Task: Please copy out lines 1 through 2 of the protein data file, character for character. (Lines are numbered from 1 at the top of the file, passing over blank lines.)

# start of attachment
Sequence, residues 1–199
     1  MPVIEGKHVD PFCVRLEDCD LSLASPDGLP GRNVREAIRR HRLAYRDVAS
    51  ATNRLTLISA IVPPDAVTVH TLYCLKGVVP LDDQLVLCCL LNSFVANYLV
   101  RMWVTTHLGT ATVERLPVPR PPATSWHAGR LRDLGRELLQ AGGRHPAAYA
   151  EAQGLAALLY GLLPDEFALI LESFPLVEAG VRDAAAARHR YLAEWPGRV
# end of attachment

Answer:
Sequence, residues 1–199
     1  MPVIEGKHVD PFCVRLEDCD LSLASPDGLP GRNVREAIRR HRLAYRDVAS